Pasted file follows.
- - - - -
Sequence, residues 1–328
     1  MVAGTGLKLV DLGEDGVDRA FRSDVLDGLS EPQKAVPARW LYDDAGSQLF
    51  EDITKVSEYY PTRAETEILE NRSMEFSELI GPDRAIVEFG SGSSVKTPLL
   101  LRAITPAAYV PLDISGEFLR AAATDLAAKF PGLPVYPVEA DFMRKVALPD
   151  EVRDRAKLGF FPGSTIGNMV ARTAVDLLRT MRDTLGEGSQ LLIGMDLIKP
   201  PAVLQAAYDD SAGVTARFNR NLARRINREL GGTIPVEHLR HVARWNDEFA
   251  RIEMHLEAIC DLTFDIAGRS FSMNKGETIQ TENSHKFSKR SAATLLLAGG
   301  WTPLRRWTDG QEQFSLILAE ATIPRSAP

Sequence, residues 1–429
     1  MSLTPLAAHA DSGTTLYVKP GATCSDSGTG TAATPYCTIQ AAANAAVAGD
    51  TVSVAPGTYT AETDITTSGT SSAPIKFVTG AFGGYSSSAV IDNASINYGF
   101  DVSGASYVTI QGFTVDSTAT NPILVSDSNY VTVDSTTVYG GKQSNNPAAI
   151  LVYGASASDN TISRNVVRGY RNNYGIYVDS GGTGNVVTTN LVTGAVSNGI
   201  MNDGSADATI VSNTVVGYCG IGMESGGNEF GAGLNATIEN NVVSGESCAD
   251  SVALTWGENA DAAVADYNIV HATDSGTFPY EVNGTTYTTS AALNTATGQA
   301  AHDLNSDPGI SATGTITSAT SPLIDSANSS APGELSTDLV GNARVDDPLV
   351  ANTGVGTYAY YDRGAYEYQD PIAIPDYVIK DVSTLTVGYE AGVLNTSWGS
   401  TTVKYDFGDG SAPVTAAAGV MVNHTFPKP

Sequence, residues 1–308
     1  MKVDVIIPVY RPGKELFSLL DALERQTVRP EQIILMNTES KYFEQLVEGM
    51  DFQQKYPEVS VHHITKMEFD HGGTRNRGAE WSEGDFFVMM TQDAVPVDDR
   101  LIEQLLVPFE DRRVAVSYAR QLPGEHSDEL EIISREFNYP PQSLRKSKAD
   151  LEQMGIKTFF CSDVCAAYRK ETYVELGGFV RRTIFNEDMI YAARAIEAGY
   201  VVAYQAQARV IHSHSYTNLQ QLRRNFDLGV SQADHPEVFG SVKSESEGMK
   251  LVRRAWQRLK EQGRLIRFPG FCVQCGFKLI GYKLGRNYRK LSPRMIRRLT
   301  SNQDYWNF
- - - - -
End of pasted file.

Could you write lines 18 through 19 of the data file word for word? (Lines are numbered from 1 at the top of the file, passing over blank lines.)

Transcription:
   401  TTVKYDFGDG SAPVTAAAGV MVNHTFPKP

Sequence, residues 1–308